A recently-filed Daubert motion in a class action suit against an auto insurance company showed that "expert" testimony on the value of damaged cars repaired like new just didn't add up.
You can polish a red 2020 SUV until it shines like it's showroom new. But if it's been in a collision and repaired like new, how much is that SUV worth in resale value?
That is the underlying question in a class action suit against a major auto insurance company. A Daubert motion in this matter seeks to exclude testimony of a self-proclaimed auto appraiser hired by the plaintiffs. As an FTI Consulting statistics expert retained by the defense in the motion showed, offering testimony based on speculation and arbitrary data is like driving a car with the gas gauge hovering on E. You're not going to get very far.
Precise data and sophisticated statistical analysis are the way to go.
Determining Diminished Value
The case at hand begins with a suit filed in Georgia by plaintiffs claiming that the insurer had underpaid for the so-called "diminished value" of their repaired vehicles. Diminished value is the difference between what a car was worth before damage and the fair market value after repair. Since car buyers are often reluctant to pay as much for a previously-damaged car - even a red 2020 SUV repaired to showroom new - the diminished value can make up the difference.
How is diminished value determined? In this instance, the insurance company used a formula prescribed in a Georgia court case in 2001 as an agreed-upon starting point. Depending on the individual policyholder, the insurer might also factor in information collected from the policyholder with additional input drawn from market research and independent appraisers as needed, among other inputs.
The plaintiff's appraiser, on the other hand, presented an idiosyncratic methodology developed during 16 years on the job. That methodology originally involved calling used car dealers or sales managers and describing the vehicle and damage, followed by questions about how much the dealer would pay for a trade-in on the vehicle.
The appraiser now uses estimates and information about the vehicles from the owners themselves, including mileage and repair estimates. At times, in lieu of on-site inspections, he relies on photographs of the vehicles. Then he considers the National Auto Dealers Association (NADA) retail value of the car, plus assesses damage and applies his own methodology to come up with a diminished value.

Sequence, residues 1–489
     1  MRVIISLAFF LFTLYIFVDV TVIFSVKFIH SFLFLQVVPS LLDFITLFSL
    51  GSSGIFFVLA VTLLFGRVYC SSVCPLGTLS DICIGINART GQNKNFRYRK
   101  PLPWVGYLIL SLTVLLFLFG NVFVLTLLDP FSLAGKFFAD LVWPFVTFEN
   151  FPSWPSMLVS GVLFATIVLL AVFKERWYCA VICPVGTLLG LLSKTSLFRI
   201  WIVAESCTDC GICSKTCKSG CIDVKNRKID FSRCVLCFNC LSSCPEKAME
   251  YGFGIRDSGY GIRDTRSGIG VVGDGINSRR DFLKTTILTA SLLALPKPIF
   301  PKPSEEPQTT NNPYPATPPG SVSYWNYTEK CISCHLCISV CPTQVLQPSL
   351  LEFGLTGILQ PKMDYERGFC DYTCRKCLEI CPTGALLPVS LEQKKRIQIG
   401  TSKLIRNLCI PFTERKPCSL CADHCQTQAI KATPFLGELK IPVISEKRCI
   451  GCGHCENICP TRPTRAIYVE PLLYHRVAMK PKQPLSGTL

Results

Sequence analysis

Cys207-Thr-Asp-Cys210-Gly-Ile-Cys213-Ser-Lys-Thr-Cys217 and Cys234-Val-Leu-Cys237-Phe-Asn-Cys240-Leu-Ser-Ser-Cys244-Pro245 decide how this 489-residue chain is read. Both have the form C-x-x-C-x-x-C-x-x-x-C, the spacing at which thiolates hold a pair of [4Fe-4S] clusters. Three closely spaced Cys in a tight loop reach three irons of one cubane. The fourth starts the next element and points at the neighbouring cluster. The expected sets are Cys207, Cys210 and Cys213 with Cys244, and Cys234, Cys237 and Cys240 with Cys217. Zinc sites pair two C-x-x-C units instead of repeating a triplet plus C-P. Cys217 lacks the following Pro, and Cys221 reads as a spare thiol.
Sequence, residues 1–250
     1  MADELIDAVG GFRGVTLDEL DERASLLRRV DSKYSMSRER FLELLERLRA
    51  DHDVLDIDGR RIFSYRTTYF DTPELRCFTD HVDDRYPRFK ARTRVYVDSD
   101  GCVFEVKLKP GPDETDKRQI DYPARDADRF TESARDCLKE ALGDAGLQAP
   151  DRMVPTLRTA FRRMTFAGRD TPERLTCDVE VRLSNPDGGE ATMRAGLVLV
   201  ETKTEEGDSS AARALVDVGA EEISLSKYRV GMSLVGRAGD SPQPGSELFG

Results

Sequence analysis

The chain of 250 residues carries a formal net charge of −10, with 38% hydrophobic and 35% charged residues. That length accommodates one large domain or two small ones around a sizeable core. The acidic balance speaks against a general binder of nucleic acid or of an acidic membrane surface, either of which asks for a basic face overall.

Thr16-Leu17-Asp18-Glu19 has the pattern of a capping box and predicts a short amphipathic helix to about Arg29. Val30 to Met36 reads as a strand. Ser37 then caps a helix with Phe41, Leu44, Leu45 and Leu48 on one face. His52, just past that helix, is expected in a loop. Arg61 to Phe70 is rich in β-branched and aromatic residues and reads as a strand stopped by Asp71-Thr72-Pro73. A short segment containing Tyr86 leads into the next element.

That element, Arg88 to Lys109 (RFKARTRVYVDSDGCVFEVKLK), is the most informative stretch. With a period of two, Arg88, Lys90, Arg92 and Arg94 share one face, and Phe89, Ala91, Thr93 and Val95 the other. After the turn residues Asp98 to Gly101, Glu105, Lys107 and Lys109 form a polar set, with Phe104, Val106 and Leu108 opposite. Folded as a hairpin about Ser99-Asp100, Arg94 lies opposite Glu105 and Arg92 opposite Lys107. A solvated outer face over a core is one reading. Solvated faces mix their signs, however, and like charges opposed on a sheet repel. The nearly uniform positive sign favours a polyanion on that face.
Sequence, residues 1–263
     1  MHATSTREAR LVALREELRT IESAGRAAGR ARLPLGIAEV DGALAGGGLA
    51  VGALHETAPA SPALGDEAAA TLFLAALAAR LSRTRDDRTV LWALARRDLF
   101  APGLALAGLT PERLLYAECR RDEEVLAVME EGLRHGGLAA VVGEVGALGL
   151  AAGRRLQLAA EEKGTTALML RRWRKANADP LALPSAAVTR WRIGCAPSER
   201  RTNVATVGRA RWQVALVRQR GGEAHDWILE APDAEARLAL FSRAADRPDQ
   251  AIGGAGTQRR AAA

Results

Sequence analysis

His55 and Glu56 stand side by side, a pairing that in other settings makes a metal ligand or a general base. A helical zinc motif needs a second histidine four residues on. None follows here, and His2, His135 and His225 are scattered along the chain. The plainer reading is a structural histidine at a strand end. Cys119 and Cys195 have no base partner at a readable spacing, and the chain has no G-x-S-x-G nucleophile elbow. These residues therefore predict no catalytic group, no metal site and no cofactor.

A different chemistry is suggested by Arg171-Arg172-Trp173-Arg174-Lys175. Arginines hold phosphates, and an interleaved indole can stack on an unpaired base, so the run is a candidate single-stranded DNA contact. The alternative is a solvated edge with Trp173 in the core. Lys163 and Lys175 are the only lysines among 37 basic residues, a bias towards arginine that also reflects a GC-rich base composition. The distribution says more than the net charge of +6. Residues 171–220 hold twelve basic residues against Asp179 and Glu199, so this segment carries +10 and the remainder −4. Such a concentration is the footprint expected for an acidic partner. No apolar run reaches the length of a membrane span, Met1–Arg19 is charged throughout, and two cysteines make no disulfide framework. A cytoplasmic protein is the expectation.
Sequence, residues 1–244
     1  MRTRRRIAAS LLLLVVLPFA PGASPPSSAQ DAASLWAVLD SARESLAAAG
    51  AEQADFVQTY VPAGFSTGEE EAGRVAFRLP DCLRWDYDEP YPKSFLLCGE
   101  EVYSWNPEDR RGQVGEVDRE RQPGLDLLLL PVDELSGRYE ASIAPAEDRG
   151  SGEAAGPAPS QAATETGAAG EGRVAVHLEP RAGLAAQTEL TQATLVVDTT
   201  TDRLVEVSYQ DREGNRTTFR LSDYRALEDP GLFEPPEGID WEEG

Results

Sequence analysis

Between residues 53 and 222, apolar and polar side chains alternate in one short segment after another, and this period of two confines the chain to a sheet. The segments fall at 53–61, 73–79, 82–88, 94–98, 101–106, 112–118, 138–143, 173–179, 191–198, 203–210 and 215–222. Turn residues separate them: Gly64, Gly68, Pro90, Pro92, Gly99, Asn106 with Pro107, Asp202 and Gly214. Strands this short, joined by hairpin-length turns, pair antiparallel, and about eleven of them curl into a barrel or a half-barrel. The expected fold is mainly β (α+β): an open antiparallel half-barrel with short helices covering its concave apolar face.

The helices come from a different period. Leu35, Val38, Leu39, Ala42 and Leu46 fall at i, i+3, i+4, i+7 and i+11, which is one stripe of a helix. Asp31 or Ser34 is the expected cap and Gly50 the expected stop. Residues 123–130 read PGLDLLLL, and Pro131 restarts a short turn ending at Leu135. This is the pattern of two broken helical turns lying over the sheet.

In the Daubert motion, the FTI Consulting statistics expert poked holes in the appraiser's methodology large enough to drive a truck through.
Numbers Speak for Themselves
In the first of two reports, the appraiser stated that the court-prescribed formula was flawed and proposed his own modification, offering a formula based on 20 "randomly selected" claims in his files. In a rebuttal report, he revealed the claims were not randomly selected, but simply 20 he found, and in an attempt to cure this flaw, reasserted his opinion from his original report with analysis of 51 claims.
Hired to evaluate the appraiser's original report, the FTI expert looked at the formula modification offered by the appraiser based on the 20 claims. FTI performed standard statistical tests to determine whether the 20 were representative of the claims associated with the proposed class of vehicles in the plaintiffs' complaint.
FTI's conclusion: On average, the samples had higher repair costs, lower mileage, later model years, and over-represented the luxury vehicle class than the proposed class claims in the complaint.
Based on the reasons above, and others (as shown in the infographic that follows), FTI found that the sample that the appraiser used to determine his formula was highly flawed and tailored solely to the litigation and untethered to professional standards. That made it speculative and unreliable in the FTI expert's opinion. Essentially, the appraiser's formula was running on empty.
The infographic below provides more detail about the approach that FTI Consulting took to analyzing the available data and the appraiser's testimony.
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